the temple and perform its two major tasks: representing God to the people and representing the

people to God. Who are these priests? At the start of this story, they were called Adam and

Eve. In this story, they are the symbols of the whole human race to whom God has given the

extraordinary dignity and calling to serve him as priests in his garden-temple. They were

created in the

“image of God” the true God of all, and to be his image means to be his priests in the world.

       You are familiar with priests and priestesses. You have over a thousand of them in your
great temple here.   But, try to see it in terms of this story I am telling you. God created you,

man or woman, to together reflect his will and way to the world, and to protect and nurture this

creation to its full flourishing. That’s who you are – it’s your basic dignity, your primal dignity –

and what your life is all about – it’s your vocation.

But as the story goes, sad to say, Adam and Eve--and we, too, with them-- rejected this dignity

and calling, choosing instead to tell God to buzz off with words our children, or we ourselves,

say: “You’re not the boss of me!” This inexplicable, irrational, and heinous rejection of our

royal priesthood in favor of wanting to be “God” ourselves turned out to be a bad deal – a really

bad deal. You see, we’re just not up to the job. And to be honest, do your gods really do much

better running the world? Jupiter, Mars, Venus, or Diana?

       Well, before you know it, all God’s creation came apart at the seams. Things just didn’t

hold together after we started to act like “gods” instead of God’s royal priests. So we became

no longer at one with God, with ourselves, with each other, or with the creation itself.

Everything now is fight and struggle, compete and conquer, a zero-sum game of scarcity and

hoarding. In short, the exact opposite of what God offered to us as his royal priests!

       But let me tell you now, and hear this: God does not give in, give up, or give out in

working to make his world the way he intended it. He doesn’t clear the decks and start

completely over again (though he was sorely tempted by this option in the Great Flood we all

know!). He doesn’t change his plans and opt for a different result (say, that we live with him

in heaven forever as some kind of “spiritual” beings while the earth and our         earthly lives

disappear and destroyed forever in judgment).      No, God plugs on with renewed determination

and creativity to have his creation as he envisioned it no matter the obstacles or cost to him of

doing so. So what did this God do? The story goes on.
       God choose--he elected--Abraham and Sarah, nobodies from nowhere, and called             them

to parent the people God will claim as his own. These were my people the Israelites. He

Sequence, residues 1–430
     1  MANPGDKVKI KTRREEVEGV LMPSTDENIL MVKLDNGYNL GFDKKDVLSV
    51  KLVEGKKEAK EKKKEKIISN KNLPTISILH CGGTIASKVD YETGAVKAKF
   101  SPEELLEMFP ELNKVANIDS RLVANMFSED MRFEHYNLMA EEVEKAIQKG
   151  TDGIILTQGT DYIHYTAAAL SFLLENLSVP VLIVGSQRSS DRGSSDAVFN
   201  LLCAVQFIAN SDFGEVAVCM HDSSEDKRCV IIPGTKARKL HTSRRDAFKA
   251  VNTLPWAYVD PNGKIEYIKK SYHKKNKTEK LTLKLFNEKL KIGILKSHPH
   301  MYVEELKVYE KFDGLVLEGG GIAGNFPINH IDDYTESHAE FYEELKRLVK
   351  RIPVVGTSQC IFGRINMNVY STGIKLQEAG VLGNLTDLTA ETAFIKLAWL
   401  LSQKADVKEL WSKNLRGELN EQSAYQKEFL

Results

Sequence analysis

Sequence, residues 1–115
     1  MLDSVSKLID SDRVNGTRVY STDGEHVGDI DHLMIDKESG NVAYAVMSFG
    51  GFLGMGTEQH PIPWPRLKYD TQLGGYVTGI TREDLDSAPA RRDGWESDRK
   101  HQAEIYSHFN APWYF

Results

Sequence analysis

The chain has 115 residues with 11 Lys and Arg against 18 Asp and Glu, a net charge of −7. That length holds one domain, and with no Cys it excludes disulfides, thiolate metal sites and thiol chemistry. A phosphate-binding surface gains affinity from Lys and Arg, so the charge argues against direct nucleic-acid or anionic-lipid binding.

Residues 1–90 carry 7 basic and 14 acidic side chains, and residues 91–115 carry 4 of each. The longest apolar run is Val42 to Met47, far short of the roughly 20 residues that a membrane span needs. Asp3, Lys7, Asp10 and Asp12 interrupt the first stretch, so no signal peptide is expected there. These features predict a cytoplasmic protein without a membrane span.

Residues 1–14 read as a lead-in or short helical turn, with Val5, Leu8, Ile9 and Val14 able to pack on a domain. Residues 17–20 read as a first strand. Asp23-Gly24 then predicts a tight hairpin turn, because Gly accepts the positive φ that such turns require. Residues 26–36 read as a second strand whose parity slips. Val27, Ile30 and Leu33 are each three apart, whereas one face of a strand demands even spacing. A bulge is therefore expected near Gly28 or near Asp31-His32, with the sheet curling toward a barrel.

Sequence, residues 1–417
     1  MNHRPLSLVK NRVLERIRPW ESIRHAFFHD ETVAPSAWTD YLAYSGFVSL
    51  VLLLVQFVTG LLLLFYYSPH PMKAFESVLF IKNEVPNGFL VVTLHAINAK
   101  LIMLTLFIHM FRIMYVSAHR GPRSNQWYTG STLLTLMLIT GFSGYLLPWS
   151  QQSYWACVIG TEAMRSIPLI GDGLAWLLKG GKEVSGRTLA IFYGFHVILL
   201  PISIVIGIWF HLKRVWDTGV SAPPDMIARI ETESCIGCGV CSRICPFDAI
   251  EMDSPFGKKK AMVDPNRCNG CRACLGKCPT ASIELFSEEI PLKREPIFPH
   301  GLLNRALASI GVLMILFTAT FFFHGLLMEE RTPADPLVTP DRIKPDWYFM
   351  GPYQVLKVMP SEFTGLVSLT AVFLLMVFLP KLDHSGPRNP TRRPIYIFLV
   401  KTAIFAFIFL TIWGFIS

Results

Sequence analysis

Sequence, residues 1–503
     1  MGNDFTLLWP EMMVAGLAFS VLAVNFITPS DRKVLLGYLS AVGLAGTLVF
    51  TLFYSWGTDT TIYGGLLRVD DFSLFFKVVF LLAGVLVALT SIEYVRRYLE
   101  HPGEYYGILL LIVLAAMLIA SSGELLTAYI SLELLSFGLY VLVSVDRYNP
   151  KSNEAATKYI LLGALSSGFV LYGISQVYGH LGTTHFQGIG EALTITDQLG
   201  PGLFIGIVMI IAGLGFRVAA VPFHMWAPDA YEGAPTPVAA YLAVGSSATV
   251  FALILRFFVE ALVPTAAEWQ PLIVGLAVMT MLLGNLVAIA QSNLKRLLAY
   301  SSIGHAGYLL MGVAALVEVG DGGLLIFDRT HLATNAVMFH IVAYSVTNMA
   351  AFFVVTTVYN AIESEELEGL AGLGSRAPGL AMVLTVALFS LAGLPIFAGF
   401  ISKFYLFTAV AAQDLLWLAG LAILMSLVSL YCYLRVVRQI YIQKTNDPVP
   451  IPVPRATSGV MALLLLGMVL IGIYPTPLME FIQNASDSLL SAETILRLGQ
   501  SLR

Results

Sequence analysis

taught them and equipped them to show the world how things are supposed to be and to invite all

other peoples to join Israel as God’s royal priests in building God’s temple-palace all over the

globe. To do so, he rescued them, the Jews, out of slavery in Egypt, to make them into his “holy

nation” and royal priesthood”--to live as God’s chosen people as the light of the world. But

sadly, Israel too, like Adam and Eve failed to be faithful royal priests. They gave up. They

followed falsehoods and went the wrong way, too.

       Finally, God did what he had intended to do all along – he actually became one of us--a

man. This man became God’s royal priest in this world! This man was Jesus from Israel.

Instead of coming in human form just to deepen and enjoy fellowship with his creatures in the

most intimate way possible, his agenda was now more complicated. In addition to showing us

what it is to reflect God’s character in ever clearer ways and nurturing the creation toward its

fullest flourishing, Jesus had also to renew and reestablish humanity’s relationship to God as its

very source of life. How did he do that?      His unique priesthood shows us.

       To and for us as God’s Son, Jesus lived out God’s love seeking his erstwhile royal

priests--you and me--no matter what the cost; and it took him to death on a cross, yes,

crucifixion.   For us to God, Jesus offered the life of utter fidelity and indefectible loyalty he

desired from his royal priests (leading--as I said-- to the cross). By this way, God          came

to us, and we come near to God. But that wasn’t the end either.

       Hear this, Ephesians! God did something never done before in the history of the world.

God raised Jesus from the dead! This act was God’s great “Yes” to the way Jesus lived and

died, and it signaled God’s triumph over all that hindered and opposed his will and way in the
world--sin, suffering, and death. The risen Jesus means “God wins!” Jesus had come as one of

us, lived as one of us, lived faithful and loyal as God’s royal priest as none of us had, died and

was raised for us so that through him God could reclaim us (by forgiving us and reconciling us to

God) and restore us to our primal dignity and vocation as royal priests. By Jesus, if we will

have him, God makes us his children again, adopting us, as it were, into his family to love and

serve him and each other, and be his rightful priests in the world again.

       Thus we--you and I--can begin anew to use our talents, gifts, and resources to reflect

God’s character and shape the creation as the royal temple-palace God always intended it to be.

Indeed, that’s just where this Story takes us! Though we cannot build this royal temple-palace by